Harvard Women's Health Watch

Napping boosts sleep and cognitive function in healthy older adults

With age come changes in the structure and quality of our sleep. After about age 60, we have less deep (slow-wave) sleep and more rapid sleep cycles, we awaken more often, and we sleep an average of two hours less at night than we did as young adults. It was once thought that older people didn't need as much sleep as younger ones, but experts now agree that's not the case. Regardless of age, we typically need seven-and-a-half to eight hours of sleep to function at our best. So if you're not getting enough sleep at night, what about daytime naps? Or does napping disrupt the sleep cycle, ultimately yielding less sleep and more daytime drowsiness?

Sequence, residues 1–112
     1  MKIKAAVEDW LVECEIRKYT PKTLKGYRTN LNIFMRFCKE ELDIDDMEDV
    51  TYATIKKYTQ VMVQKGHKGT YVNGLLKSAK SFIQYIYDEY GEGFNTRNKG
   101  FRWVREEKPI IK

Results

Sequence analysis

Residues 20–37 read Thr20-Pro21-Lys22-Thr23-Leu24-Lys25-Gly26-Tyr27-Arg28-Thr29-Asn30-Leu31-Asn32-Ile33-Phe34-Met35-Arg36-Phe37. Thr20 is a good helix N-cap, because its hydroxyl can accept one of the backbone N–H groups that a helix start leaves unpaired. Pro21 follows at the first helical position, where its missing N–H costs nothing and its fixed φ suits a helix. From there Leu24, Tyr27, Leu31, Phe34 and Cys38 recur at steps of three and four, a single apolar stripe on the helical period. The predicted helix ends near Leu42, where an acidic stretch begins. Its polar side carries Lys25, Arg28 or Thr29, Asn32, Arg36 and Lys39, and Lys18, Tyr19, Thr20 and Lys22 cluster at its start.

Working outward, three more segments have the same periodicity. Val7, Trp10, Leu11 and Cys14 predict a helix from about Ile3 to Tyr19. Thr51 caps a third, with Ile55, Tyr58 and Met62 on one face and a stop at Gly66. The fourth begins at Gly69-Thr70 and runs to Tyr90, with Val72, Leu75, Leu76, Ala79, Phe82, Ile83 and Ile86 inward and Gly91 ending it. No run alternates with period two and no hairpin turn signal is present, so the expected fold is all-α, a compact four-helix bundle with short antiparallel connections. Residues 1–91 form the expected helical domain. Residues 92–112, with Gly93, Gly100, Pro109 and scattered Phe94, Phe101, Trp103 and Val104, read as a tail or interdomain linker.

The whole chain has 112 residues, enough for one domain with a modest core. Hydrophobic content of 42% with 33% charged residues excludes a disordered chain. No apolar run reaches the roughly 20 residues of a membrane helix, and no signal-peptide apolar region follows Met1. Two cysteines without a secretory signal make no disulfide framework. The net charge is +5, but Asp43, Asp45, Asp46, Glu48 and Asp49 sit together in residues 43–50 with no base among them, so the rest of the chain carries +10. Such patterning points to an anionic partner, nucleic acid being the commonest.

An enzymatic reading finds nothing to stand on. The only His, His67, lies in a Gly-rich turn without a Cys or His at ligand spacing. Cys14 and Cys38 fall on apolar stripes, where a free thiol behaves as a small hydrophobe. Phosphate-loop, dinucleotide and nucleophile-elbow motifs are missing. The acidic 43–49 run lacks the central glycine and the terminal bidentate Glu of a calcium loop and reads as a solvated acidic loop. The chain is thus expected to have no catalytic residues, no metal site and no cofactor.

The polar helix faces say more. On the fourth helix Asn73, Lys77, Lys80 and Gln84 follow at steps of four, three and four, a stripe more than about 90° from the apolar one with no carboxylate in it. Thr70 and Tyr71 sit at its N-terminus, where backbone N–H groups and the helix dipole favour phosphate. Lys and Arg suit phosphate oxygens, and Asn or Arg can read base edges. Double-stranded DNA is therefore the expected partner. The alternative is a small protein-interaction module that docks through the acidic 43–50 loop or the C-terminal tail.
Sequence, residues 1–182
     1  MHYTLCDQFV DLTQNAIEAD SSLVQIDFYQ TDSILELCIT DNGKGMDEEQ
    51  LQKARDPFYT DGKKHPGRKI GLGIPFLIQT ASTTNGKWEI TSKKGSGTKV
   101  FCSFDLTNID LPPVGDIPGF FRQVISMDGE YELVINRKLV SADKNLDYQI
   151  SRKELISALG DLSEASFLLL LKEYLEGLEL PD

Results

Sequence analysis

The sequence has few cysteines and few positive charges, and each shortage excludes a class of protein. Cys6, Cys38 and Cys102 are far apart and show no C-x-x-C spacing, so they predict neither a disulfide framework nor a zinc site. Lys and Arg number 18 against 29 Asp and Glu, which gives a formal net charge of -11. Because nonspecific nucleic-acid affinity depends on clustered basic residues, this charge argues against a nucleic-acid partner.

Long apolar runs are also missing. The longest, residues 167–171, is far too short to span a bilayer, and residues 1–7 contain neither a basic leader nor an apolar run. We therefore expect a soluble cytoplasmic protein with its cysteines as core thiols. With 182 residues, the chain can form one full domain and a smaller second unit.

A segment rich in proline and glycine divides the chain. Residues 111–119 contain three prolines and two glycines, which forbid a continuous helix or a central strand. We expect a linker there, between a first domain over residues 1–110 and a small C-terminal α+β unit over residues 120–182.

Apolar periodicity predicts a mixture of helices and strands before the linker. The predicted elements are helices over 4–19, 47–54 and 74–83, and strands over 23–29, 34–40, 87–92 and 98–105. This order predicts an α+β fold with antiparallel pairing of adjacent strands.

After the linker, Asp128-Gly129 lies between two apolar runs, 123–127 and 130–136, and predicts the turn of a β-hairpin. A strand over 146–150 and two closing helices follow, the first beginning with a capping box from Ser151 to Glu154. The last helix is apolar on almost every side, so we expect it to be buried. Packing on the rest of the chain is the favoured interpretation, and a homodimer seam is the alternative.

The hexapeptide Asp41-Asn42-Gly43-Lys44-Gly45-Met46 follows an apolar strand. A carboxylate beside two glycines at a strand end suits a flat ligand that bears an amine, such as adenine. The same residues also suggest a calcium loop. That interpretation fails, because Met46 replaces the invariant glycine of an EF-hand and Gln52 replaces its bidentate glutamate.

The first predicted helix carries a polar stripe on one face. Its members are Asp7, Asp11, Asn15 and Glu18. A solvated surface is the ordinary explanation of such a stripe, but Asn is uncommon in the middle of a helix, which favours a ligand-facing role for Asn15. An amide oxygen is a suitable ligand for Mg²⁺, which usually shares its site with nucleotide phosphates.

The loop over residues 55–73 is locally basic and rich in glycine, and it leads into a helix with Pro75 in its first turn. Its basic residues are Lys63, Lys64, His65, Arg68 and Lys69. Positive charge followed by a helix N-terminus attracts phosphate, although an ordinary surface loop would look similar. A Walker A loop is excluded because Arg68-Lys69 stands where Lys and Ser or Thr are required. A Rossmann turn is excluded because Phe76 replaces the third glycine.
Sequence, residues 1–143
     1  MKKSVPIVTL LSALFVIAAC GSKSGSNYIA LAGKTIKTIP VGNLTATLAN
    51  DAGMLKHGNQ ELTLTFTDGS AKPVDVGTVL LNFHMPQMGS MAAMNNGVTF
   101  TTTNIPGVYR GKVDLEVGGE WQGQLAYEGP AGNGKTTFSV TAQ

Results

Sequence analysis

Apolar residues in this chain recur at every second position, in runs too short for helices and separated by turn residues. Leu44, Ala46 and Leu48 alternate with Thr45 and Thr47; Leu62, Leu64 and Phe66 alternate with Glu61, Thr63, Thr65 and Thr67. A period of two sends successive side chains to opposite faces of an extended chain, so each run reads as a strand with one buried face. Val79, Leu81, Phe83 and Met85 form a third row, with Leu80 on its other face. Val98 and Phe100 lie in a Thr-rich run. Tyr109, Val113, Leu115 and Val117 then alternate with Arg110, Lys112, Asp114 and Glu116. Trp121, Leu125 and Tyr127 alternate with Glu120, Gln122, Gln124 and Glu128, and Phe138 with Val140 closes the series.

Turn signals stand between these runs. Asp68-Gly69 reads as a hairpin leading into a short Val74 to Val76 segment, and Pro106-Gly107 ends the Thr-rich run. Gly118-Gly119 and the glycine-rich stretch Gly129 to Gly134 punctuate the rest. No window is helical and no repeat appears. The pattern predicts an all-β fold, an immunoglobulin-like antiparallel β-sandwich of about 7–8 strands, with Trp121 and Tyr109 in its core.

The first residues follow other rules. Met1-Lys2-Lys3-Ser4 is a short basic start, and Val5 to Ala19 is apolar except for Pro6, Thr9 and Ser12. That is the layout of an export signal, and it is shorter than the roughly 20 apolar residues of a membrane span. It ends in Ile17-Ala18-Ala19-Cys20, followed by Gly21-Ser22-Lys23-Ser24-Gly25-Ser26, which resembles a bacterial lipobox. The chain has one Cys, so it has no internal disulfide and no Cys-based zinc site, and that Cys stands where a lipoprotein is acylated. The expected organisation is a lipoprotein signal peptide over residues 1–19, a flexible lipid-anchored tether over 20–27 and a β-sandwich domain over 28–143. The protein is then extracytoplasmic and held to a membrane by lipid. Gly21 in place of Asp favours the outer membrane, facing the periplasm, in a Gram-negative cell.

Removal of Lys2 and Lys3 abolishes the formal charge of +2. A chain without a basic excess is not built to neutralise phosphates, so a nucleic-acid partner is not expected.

These questions were addressed in a study by researchers at the Weill Cornell Medical College in White Plains, N.Y., and published in the Journal of the American Geriatrics Society (February 2011). The authors concluded that napping not only increases older individuals' total sleep time — without producing daytime drowsiness — but also provides measurable cognitive benefits.

The study. This small but well-designed study involved 22 healthy women and men ages 50 to 83 who agreed to be evaluated in a sleep laboratory. During a one- to two-week preliminary period, participants kept sleep logs at home and wore monitors to track their nighttime movements. They were then brought into the sleep laboratory for three nights and two days and given a thorough sleep evaluation (using polysomnography and other techniques) and a battery of cognitive tests. After this initial laboratory session, participants started a month-long daily napping routine at home: half took short (45-minute) naps, and half took longer (two-hour) naps. After the second and fourth weeks, all returned to the lab for repeat assessments.

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